Now that time has passed, it is time to re-evaluate McNabb’s value as an Eagle. His stats (and his close-but-no-cigar career) compare favorably with the undeniably great Jim Kelly. Kelly played 11 seasons with the Bills, McNabb played 11 for the Eagles. Kelly played in 160 games, McNabb in 148. McNabb passed for 2 more yards per game, Kelly threw slightly more TDs per game (1.48 to 1.46), and McNabb threw 75 less interceptions than Kelly despite playing in 12 fewer games. (And don’t forget that Kelly was throwing to Andre Reed and James Lofton, not Pinkston and Thrash.) McNabb also ran for 3249 yards for the Birds, while Kelly ran for 1,049 for the Bills. Kelly went 9-8 in the playoffs. McNabb went 9-7.  Jim Kelly is a God in Buffalo. And yet, here in Philly…Until more people in Philadelphia can separate McNabb’s incredible career from their own personal feelings for him, he will remain one of the most underrated athletes in Philadelphia history.


6 Comments on “#3 Most Underrated Philly Athlete of All-Time: Donovan McNabb”

  1. D Waite says:

    Don’t agree here either. we didn’t like him. That does not mean he is underrated. We liked Jaws but he was clearly not as talented as many of those who played after him. That does not make Jaws overrated. Jeez…we simply like that game against Dallas (our real superbowl at the time)and give him a pass for getting us farther than we had been in awhile. (my dad still complains that Jaws overthrew everybody all the time. OR was it underthrew?) Heck, at least he was better than Roman Gabriel.

    Why am I now having a flashback to Barefoot Boy missing a FG against the Falcons?

    No matter…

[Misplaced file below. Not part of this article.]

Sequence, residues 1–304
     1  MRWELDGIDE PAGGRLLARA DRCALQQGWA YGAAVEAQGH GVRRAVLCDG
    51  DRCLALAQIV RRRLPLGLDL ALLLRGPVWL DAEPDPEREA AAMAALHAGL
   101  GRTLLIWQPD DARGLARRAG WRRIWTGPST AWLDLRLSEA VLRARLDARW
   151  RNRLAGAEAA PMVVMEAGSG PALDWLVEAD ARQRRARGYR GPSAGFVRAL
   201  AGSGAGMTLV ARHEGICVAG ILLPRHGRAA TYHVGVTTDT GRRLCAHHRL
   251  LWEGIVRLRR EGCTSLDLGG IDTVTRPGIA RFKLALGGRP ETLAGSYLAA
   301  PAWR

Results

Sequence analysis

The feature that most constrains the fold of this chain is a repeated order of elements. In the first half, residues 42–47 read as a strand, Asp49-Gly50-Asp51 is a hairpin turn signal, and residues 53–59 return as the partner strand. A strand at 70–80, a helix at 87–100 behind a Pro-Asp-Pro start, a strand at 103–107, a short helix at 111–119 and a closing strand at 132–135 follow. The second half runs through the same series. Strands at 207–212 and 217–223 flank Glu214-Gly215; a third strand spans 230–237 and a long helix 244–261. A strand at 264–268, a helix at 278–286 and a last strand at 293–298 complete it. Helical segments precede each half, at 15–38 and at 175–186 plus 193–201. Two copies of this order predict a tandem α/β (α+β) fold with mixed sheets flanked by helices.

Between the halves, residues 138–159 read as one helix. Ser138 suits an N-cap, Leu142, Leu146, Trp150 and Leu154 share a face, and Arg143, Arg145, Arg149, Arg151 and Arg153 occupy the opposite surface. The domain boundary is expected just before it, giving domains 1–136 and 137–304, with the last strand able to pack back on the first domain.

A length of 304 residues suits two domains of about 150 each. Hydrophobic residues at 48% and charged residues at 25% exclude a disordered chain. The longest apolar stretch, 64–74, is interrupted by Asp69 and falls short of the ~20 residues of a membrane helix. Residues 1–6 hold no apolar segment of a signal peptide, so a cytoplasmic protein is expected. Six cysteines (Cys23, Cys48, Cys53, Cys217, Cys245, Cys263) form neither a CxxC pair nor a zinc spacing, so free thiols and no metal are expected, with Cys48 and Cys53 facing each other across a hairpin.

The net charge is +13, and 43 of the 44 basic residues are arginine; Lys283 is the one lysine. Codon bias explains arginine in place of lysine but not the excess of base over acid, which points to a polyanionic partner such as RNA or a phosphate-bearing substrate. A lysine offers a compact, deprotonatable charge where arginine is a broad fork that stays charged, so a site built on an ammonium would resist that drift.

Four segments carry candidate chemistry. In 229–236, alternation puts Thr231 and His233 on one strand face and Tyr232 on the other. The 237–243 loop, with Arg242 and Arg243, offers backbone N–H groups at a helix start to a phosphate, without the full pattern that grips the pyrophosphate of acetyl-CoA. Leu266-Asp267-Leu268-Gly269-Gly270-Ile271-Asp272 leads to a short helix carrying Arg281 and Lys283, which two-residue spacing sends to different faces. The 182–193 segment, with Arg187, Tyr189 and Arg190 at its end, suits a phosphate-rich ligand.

I don’t like the fact that you’re saying that people we fans don’t particularly enjoy are underrated. Mostly we’re saying that people like McNabb and Abreu are OVERrated. Just ask the Redskins, or the Yankees. Don’t try to shove stats down our throats. Stats are for poser west coast teams. Yes. McNabb was very good at times. We surely would have given him a pass on his personality if the Pats didn’t cheat and we won in 04. But it was not to be. and other things (both in and out of his control) conspired to work against McNabb’s popularity status here in Philly.

    Not our favorite? Correct.
    Overrated at times? (especially the national media) Correct.

    Underrated? Incorrect.

  2. D Waite says:

    …I can’t seem to let this go…. I so much enjoyed watching Garcia take the reins in ’06… He was probably one who was overrated, but I was pulling for him like he was my son. McNabb? I looked at him like I thought I was going to look at Ricky Waters after FWFW. But Ricky won my respect later on. McNabb did not.

    I will never accept that McNabb might be underrated. He was good at times… dissapointing for the rest. Someone else can pat him on his back for his stats. Stats, to me, do not make, or break a player.